Savings Plan:
Simply put, the 529 Savings plan is an investment  account for the purpose of paying eligible expenses.

529 Pros and Cons:

  • Like the Coverdell ESA, the earnings in the account grow tax-free and withdrawals are always tax free as long as they are used for eligible education expenses.
  • Also like the Coverdell ESA, a new beneficiary can be designated without incurring any tax penalty as long it’s transferred to an eligible family member.
  • Contribution limits are loosely defined by the IRS in the following way; “Contributions cannot exceed the amount necessary to provide for the qualified education expenses of the beneficiary.”  This essentially means you can contribute as much as you like but be mindful of the $13,000 gifting rule.
  • At no time does control transfer to the beneficiary as it does with in ESA. The account owner maintains control of the money. 
  • There are no income restrictions; everyone is eligible to take advantage of a 529 plan.
  • The money is not considered an asset of the child when applying for financial aid.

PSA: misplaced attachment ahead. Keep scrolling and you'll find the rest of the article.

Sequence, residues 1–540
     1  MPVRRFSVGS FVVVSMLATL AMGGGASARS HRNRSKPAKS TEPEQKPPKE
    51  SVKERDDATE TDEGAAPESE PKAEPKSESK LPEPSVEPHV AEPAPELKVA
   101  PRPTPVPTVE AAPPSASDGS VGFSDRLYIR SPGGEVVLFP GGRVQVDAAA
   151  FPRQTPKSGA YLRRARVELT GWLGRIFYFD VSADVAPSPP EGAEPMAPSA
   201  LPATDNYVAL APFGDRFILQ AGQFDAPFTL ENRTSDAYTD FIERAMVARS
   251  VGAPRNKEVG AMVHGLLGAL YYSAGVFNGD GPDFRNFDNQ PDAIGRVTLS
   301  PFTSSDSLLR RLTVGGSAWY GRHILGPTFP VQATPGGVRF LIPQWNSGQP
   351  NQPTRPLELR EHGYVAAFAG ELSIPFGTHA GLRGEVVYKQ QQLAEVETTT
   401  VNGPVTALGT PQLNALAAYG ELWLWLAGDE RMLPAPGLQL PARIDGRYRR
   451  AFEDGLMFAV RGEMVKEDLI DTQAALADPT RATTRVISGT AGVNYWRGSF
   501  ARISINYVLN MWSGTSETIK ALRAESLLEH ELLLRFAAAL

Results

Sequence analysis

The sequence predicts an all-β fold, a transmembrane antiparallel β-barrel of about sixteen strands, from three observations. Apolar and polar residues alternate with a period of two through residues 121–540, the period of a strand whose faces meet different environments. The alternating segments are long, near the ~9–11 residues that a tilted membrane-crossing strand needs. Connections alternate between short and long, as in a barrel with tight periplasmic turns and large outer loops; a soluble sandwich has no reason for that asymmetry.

• Most state 529 plans do not have residency requirements.  You are free to shop for the 529 that best suits you. 
  • The money must be used for college, university, vocational school, or other postsecondary educational institution or you will pay ordinary income tax as well as a 10% tax on the earnings.
  • 529 fees can be high.  Checking the fees should definitely be on your checklist prior to choosing a plan.
  • Investment options can be limited as compared to the Coverdell ESA and you are only able to move investments once every 12 months.

We are saving for our children’s college educations by saving $2,000 into a Coverdell ESA and then anything above that into a 529.  I like the ability to invest in whatever I choose as great benefit of the ESA while the lack of contribution limits of the 529 allow for college savings above and beyond $2,000.  How are you saving for college?